Force number, not to be confused with force identification number, refers to the level of force an officer applies in a given situation. Police officers are trained to apply various levels of force but should start with the first level that does not require them to make physical contact with a person. However, depending on the situation an officer is faced with, he/she may gradually need to increase their force number, or level of force as they deem necessary.
In some cases, if an officer’s life is in danger, they may have to have to skip a few levels in an effort to defend themselves.
Understanding the Police Use of Force Continuum
The levels of force police officers are permitted to use fall into a use of force continuum chart. The force number starts at one (Level 1) and goes up to five (Level 5). While every police department in the U.S. does have its own use of force policy which details the types of behaviors or actions that are accepted and/or prohibited, below we are sharing with you an example of a typical use of force continuum. This should give you an idea as to how officers should be responding to certain types of situations.
- Level 1- Officer Presence
Level one is considered to be “the best way [for an officer] to resolve a situation” as there is no actual force that is applied. Instead, the officer’s presence “works to deter crime or diffuse a situation.” Under this level, an officers’ attitude should be professional and nonthreatening.
- Level 2- Verbalization
Although a Level two use of force does not involve an officer taking physical action, it is a step up from Level one in that an officer begins to issue “calm, nonthreatening commands, such as “Let me see your identification and registration.” An officer may need to raise their volume and shorten their commands (i.e. say things like “Stop” or “Don’t move”) in an attempt to get an individual to comply.
- Level 3- Empty-Hand Control
Level three is where an officer uses bodily force to gain control over a situation. They may use a “soft technique” such as grabbing or holding or a “hard technique” that involves them punching or kicking in an effort to retain a person.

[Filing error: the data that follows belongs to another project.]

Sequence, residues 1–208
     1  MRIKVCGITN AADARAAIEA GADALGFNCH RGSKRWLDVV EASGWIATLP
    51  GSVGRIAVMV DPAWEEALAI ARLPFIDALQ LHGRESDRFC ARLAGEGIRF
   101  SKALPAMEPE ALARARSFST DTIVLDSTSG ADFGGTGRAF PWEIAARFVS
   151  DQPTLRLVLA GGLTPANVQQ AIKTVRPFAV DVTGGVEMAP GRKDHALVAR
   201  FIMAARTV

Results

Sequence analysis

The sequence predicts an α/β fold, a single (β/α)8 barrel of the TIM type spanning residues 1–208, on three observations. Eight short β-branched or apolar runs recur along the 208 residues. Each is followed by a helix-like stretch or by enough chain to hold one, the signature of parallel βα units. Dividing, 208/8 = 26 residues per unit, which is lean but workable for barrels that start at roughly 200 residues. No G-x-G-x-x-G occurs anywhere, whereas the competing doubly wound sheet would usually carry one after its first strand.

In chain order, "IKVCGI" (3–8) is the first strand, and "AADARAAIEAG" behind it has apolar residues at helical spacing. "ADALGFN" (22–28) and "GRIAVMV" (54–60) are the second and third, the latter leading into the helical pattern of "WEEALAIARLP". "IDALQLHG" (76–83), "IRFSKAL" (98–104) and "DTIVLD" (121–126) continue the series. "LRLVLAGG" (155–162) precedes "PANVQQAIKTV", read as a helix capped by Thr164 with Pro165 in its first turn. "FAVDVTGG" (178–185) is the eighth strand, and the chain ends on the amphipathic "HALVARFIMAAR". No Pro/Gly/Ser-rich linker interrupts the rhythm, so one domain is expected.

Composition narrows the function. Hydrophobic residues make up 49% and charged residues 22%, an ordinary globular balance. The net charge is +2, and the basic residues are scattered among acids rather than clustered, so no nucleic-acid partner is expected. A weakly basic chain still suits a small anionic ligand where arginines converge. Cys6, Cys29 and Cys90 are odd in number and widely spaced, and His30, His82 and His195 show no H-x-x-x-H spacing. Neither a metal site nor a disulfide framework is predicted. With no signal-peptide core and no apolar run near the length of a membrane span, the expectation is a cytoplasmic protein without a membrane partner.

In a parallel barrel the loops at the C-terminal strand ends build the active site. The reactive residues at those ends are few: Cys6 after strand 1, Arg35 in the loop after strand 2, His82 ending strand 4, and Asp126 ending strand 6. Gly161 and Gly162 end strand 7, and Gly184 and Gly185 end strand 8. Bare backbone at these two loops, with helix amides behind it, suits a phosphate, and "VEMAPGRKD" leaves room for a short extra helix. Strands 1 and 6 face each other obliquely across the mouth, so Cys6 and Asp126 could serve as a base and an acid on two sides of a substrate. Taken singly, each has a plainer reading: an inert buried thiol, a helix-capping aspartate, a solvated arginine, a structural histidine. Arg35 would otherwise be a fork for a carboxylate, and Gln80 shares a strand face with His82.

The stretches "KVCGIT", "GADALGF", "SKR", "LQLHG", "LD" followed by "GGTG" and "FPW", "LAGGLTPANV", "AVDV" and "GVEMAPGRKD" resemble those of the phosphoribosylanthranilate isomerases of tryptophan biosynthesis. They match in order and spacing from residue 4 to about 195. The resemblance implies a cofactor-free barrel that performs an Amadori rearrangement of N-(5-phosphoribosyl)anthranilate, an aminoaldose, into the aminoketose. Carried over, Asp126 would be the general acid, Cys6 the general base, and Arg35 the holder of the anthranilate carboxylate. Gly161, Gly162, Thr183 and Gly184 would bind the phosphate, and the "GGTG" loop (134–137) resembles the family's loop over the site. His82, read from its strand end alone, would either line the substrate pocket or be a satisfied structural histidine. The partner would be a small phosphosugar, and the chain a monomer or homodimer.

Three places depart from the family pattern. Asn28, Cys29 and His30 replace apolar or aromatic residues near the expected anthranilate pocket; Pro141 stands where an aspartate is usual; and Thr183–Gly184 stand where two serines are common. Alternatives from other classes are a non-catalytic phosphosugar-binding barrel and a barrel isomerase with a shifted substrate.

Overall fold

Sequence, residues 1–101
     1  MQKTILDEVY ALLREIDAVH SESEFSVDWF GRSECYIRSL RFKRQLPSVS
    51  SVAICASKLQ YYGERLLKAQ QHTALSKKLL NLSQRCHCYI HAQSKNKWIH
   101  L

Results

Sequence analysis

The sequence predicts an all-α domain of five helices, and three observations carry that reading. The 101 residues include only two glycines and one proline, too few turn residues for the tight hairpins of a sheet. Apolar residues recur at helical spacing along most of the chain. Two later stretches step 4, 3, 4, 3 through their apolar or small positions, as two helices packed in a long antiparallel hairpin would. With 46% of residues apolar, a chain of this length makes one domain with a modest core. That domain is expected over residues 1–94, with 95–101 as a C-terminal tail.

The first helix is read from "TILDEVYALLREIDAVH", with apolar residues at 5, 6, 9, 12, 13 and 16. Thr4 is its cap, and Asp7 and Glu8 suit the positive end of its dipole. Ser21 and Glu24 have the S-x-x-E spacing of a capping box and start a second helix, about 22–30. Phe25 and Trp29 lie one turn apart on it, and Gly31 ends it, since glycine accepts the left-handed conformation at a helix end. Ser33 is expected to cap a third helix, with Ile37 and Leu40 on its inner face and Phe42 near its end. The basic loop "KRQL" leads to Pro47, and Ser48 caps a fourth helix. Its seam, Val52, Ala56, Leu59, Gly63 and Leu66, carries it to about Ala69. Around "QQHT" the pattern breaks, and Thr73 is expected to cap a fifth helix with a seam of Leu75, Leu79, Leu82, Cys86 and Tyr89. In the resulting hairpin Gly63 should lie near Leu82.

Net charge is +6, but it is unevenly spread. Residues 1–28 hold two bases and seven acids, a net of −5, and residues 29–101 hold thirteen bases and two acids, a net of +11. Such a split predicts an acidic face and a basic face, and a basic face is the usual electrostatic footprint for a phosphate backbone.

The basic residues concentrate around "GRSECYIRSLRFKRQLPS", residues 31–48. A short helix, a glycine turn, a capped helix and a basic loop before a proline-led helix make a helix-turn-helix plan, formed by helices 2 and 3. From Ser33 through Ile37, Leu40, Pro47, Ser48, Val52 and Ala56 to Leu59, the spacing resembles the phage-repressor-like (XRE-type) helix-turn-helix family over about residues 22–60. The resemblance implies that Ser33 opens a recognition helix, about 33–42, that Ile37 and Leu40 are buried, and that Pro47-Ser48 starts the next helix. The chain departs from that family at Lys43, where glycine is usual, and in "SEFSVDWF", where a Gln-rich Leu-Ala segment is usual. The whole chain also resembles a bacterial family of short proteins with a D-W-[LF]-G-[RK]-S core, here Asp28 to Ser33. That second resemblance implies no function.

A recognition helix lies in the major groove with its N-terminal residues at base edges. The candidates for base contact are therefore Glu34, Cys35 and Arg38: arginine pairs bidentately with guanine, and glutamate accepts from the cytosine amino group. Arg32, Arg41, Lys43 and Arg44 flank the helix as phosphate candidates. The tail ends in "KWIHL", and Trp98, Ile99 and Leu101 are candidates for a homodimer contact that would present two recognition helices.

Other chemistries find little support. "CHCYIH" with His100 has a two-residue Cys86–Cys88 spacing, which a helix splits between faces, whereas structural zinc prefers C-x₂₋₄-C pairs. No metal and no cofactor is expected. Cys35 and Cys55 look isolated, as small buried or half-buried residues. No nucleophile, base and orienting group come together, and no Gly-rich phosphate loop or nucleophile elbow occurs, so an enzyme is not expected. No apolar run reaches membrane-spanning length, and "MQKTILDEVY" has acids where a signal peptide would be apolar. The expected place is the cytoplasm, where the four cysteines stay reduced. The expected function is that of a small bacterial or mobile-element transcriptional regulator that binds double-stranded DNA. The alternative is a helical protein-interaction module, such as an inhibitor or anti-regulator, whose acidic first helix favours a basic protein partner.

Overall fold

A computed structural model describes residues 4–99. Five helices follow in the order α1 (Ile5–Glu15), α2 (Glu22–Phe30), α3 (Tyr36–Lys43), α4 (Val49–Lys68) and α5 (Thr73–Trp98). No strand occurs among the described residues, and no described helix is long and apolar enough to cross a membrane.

- Level 4- Less-Lethal Methods are Applied
Level four entails an officer using “less-lethal technologies to gain control of a situation.” This can be done using blunt impact (i.e. using a baton or projectile), chemical (i.e. pepper spray), or Conducted Energy Devices (i.e. taser) to gain control over a suspect or civilian.
- Level 5- Lethal Force
This level involves an officer using lethal weapons (i.e. a firearm) to subdue a person or to gain control over a situation. Level five should only be applied “if a suspect poses a serious threat to the officer or another individual.”
As we mentioned, law enforcement officers are expected to apply the least amount of force as possible when making contact with a suspect or civilian.
What if a police officer uses too much force?
Anytime an officer applies force that is considered excessive or unreasonable, regardless of what the level of force is, they are abusing their authority which, in turn, violates your rights. Excessive force has been a recurring issue among police officers and is currently one of the Department of Justice’s most investigated forms of misconduct.
If you think the level of force an officer applied exceeded what was reasonable and necessary, you should consider contacting a police brutality lawyer near you to find out how you can defend your rights.